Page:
Close digging not likely to harm ash treeQ: We are building a new home, so the electric company trenched a hole for the electric lines a few feet away from my ash tree. The tree isn’t quite as high as the house (single story) but almost. Do you think this will kill the tree? Is there anything I can do to keep from losing it?
By: Don Kinzler, INFORUM
Q: We are building a new home, so the electric company trenched a hole for the electric lines a few feet away from my ash tree. The tree isn’t quite as high as the house (single story) but almost. Do you think this will kill the tree? Is there anything I can do to keep from losing it? (e-mail reference)
A: While not good for the tree, this action usually does not harm the tree to any degree. The hope is there will be some root regeneration from the cutting if the tree is otherwise healthy and vigorous. There isn’t much you can do in this case.
Ash trees are fairly tolerant of this kind of abuse. Depending on where you live, your bigger worry is the emerald ash borer.
Q: What can I do if my very large tomato plants are fruiting already? I had my plants in small cups. I planted them two weeks ago. Can you please give me some ideas? (e-mail reference)
A: Pick the fruits off and throw them away. Then give it some Miracle-Gro. Make sure your tomato plants get ample water and plenty of direct sunlight. Repeat the fertilizer application in about three weeks.
Q: I would like to plant a permanent snow fence. It is in a rural setting with a couple of miles of open space to the northwest. The west fence line is approximately 75 feet from the edge of my driveway. I am considering maybe cotoneaster and cedar. Horses pasture in that area, but I would plan to put an electric fence there. Thank you. (Brookings County, S.D.)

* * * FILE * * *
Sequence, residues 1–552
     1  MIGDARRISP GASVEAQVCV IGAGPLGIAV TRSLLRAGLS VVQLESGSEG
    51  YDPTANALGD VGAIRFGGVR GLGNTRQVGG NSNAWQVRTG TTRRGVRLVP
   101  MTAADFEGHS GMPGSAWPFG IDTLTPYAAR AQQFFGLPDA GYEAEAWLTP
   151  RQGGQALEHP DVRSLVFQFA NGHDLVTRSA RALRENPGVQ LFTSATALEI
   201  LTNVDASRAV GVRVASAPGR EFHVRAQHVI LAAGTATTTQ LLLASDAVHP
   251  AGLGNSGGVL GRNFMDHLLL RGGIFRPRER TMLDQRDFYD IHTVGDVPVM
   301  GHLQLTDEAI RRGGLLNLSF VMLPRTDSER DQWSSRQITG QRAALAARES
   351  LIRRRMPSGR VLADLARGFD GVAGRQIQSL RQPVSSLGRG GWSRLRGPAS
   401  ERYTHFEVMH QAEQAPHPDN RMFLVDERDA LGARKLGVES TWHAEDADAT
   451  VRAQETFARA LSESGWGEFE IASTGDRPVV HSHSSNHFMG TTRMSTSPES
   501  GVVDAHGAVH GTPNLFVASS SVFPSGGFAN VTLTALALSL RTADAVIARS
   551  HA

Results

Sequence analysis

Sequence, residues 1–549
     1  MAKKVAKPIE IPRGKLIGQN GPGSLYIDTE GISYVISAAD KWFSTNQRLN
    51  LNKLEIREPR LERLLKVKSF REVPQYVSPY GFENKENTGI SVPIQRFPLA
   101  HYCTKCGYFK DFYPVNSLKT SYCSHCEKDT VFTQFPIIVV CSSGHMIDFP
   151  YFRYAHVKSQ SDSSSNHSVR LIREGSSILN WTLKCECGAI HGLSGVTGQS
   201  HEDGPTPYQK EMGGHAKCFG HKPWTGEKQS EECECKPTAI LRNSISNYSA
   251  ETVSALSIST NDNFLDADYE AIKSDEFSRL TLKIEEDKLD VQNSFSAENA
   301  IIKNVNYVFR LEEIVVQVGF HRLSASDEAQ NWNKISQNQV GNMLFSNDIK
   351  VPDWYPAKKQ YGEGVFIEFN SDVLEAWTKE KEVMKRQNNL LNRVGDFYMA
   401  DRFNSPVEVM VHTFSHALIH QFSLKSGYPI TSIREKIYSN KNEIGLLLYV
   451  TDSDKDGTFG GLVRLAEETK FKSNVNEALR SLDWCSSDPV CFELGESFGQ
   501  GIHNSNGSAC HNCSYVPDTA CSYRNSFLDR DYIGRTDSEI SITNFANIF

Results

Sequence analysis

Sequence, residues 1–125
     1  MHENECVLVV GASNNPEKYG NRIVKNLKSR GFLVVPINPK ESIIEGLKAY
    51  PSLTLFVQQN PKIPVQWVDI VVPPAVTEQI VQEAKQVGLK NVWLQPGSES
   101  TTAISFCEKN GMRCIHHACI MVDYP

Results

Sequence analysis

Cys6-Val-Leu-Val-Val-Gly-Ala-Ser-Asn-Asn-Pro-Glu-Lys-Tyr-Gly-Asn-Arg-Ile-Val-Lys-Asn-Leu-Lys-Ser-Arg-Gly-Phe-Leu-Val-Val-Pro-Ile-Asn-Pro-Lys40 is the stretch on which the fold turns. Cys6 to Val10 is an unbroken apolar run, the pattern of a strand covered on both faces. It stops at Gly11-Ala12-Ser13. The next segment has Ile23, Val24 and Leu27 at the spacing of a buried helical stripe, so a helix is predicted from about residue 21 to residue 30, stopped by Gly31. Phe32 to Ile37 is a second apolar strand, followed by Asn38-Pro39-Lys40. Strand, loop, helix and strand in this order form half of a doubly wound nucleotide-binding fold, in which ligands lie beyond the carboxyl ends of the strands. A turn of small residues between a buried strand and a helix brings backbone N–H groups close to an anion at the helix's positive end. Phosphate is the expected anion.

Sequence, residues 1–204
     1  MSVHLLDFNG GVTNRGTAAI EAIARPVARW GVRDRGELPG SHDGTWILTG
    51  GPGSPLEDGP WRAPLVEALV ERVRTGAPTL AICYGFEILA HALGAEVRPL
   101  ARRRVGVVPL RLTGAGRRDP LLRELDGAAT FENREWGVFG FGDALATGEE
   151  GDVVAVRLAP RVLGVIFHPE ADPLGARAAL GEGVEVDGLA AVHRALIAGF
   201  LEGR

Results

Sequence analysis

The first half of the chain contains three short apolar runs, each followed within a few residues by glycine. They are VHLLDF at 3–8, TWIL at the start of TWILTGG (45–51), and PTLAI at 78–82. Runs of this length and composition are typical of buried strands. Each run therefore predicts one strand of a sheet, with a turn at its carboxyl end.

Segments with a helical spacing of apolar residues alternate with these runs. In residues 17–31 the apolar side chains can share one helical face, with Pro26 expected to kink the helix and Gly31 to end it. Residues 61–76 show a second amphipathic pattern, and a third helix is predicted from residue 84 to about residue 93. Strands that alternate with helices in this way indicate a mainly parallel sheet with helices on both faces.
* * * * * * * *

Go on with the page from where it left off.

A: Both plantings would work. However, I’m assuming you mean the arborvitae or juniper when you refer to cedar.
Q: I’m going to plant San Marzano tomatoes in pots on my south-facing deck.
Since these have 80 days to maturity, is there anything I can do to get a good yield? Are night temperatures a factor?
I’m looking forward to making spaghetti sauce from them. I enjoy your column and look forward to your advice. Thanks. (Grand Forks, N.D.)
A: The location is perfect. Just try to keep the moisture level as consistent as possible and don’t overfertilize. Wide swings in fertilizing or watering can mess up a good production schedule.
Your spaghetti sauce sounds fantastic. Spaghetti with a good glass of red wine is one of my favorite comfort foods.
Q: I would like to plant a privacy hedge, so I have looked at cotoneasters, ninebark and lilacs. I have a small backyard. What can I expect for a growth rate per year? I understand the cotoneaster will require a lot more pruning and maintenance. What would you recommend? (West Fargo)
A: Why not ignore all of those and consider something immensely better, such as the Arnold red honeysuckle? Go to www.colostate.edu/Dept/CoopExt/
4dmg/Trees/Shrubs/arnold.htm to see photos and get some information on this beautiful shrub. It is underused in our landscapes.
Gardening or houseplant questions can be directed to Hortiscope, Box 6050, NDSU Dept. 7670, Fargo, ND 58108-6050 or email@example.com
Note to e-mail correspondents: Please identify your location (city and state) for most accurate recommendations.